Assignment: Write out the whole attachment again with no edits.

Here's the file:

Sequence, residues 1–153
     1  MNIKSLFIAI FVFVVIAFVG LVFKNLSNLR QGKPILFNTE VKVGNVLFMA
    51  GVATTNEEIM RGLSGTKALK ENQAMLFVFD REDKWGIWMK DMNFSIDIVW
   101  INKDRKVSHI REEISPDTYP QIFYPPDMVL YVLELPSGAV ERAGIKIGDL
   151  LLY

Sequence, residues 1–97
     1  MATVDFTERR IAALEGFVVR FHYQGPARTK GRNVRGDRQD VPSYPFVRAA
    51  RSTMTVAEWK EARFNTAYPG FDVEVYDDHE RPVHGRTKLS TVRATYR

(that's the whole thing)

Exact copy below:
Sequence, residues 1–153
     1  MNIKSLFIAI FVFVVIAFVG LVFKNLSNLR QGKPILFNTE VKVGNVLFMA
    51  GVATTNEEIM RGLSGTKALK ENQAMLFVFD REDKWGIWMK DMNFSIDIVW
   101  INKDRKVSHI REEISPDTYP QIFYPPDMVL YVLELPSGAV ERAGIKIGDL
   151  LLY

Sequence, residues 1–97
     1  MATVDFTERR IAALEGFVVR FHYQGPARTK GRNVRGDRQD VPSYPFVRAA
    51  RSTMTVAEWK EARFNTAYPG FDVEVYDDHE RPVHGRTKLS TVRATYR